MANILA (UPDATE) - Three more cases of the COVID-19 omicron BA.2.12.1 subvariant have been detected in the Philippines, bringing the total to 17, the Department of Health said Tuesday.
Two local cases and one returning Filipino with the subvariant were found in Western Visayas, according to Health Undersecretary Maria Rosario Vergeire.
The returning Filipino came from the US and is fully vaccinated, one of the local cases is also fully vaccinated, and the status of the remaining patient is still being verified, Vergeire said.
The DOH is verifying if the newly detected cases have finished their quarantine, she added.
The first 14 cases in the country of the highly transmissible subvariant were broken down as follows: 2 local cases in Metro Manila and 12 in Puerto Princesa--comprised of 11 foreign travelers and 1 local individual.
In total, the country has 16 cases of local transmission and 1 case from a returning overseas Filipino, Vergeire said. Local transmission is defined as local cases "which cannot be epidemiologically linked to cases with significant international travel history," according to the DOH.
"'Di pa ho ito community transmission kung saan malawakan na ang pagkalat at 'di ma-trace ang lineages ng kaso," Vergeire told reporters.
(This is not community transmission yet wherein infection has spread widely and we can't trace the lineage of the case.)
The BA.2.12.1, a sublineage of BA.2, has been detected in 23 countries. It comprises majority of COVID-19 cases in the United States. It is presently not a variant of interest or variant of concern.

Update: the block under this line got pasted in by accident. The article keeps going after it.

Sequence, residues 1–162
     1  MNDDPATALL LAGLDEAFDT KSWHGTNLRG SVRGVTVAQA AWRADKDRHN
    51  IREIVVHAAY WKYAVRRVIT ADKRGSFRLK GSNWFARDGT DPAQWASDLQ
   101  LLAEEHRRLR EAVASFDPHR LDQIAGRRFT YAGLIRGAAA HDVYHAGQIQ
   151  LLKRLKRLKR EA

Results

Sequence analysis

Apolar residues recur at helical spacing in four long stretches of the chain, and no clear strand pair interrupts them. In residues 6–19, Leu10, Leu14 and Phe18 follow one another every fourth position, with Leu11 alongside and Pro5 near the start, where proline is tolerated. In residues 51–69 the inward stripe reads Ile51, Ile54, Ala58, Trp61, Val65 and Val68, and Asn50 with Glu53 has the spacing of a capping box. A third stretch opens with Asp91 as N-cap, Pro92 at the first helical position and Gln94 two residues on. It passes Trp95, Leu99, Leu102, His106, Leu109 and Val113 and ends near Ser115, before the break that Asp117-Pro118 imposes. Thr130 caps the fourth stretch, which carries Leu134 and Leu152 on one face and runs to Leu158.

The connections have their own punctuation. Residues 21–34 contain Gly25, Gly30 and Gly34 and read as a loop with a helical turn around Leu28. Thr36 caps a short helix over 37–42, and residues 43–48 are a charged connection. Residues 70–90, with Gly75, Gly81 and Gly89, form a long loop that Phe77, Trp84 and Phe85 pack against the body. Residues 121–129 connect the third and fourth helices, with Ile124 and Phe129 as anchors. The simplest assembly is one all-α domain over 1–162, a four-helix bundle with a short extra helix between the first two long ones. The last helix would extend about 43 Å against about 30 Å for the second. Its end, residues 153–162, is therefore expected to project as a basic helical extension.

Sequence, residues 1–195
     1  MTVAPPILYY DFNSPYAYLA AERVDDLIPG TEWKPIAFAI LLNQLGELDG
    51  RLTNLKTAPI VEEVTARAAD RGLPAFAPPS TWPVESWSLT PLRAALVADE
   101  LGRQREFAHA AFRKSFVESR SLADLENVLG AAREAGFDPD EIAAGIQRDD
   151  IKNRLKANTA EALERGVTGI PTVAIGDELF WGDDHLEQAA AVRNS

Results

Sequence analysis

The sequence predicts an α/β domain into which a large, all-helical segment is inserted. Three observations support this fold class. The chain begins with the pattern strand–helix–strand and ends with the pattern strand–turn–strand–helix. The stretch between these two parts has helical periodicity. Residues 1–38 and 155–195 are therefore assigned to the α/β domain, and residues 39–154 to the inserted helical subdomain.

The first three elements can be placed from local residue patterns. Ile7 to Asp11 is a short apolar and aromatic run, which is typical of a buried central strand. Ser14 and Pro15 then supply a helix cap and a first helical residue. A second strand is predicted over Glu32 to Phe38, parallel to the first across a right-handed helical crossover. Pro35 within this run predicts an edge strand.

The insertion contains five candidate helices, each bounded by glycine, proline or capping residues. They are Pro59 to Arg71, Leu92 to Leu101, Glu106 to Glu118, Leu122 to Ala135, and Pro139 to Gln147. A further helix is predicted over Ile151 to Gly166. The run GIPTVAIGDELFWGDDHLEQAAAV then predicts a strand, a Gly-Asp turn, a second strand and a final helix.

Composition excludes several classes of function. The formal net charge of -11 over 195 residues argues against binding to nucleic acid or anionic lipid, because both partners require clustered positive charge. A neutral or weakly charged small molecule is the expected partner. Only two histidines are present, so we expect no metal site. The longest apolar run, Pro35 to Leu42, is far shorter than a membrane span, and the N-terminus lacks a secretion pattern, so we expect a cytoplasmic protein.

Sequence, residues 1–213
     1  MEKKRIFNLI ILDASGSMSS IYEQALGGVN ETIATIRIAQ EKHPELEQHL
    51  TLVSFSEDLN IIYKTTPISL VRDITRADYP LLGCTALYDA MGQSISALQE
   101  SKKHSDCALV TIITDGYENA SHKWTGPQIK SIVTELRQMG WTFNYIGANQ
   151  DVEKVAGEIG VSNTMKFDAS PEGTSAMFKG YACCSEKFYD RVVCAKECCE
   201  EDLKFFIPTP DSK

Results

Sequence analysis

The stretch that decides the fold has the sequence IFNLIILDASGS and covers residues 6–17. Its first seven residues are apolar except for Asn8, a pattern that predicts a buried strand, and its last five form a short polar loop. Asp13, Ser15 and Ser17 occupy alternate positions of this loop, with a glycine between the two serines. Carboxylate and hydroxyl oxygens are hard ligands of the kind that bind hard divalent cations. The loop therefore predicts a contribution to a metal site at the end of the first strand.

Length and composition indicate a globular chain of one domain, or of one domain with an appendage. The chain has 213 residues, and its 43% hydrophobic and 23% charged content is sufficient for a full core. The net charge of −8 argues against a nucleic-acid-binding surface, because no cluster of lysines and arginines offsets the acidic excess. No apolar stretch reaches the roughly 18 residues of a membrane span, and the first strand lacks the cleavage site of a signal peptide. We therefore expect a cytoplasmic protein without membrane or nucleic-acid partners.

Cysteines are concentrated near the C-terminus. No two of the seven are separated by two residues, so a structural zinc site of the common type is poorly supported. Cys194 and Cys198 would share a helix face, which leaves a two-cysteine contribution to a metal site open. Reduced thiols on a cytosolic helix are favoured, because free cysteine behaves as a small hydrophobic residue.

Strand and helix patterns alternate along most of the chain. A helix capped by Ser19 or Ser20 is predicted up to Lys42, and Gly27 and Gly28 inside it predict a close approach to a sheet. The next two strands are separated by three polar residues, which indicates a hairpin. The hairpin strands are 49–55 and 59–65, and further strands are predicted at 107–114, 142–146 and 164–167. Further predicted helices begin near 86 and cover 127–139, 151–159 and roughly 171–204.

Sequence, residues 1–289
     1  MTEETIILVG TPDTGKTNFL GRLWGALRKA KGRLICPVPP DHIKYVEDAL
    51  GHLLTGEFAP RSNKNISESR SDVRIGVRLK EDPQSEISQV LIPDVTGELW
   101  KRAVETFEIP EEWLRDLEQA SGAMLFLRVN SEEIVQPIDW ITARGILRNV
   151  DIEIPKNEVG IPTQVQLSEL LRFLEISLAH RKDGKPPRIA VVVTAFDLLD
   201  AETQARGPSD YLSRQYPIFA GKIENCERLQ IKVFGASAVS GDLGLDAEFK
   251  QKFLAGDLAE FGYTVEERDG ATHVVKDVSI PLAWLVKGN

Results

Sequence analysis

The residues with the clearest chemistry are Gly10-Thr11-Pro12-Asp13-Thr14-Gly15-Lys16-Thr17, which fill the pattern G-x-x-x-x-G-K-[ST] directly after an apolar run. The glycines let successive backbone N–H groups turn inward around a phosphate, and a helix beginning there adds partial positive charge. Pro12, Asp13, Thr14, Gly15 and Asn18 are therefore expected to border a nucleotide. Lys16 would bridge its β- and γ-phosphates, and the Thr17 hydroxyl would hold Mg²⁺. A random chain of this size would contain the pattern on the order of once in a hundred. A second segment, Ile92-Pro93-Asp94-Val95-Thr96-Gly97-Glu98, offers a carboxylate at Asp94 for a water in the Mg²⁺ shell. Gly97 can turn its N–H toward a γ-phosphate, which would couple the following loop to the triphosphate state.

"While this sublineage has so far not been observed to lead to more severe disease or fatality, it has the potential for immune escape," the DOH said in a statement.
The health agency said it is coordinating with local governments in intensifying the detection and isolation of cases, and reinforcing health system capacity to prevent a potential spike in cases.
“Testing using RT-PCR is strongly advised during active surveillance as the method also allows for genomic sequencing. Large clusters should be prioritized for investigation, and contact tracing for cases belonging to these clusters should be conducted,” Vergeire said.
Special vaccination teams will also be deployed to areas where the subvariant has been detected, the DOH said. Vergeire urged the public to practice minimum health standards and get vaccinated and boosted to prevent further transmission of the subvariant.
"If only we wear our masks properly, if we do not go to these crowded areas, we assure there's adequate ventilation, we frequently wash our hands, also we have ourselves vaccinated, we can cut the transmission of the disease," she said.
"This will not go on further to have this widespread community transmission."
The country has recorded more than 3.67 million COVID-19 cases, as of Monday, of which, 2,688 are active, DOH data showed.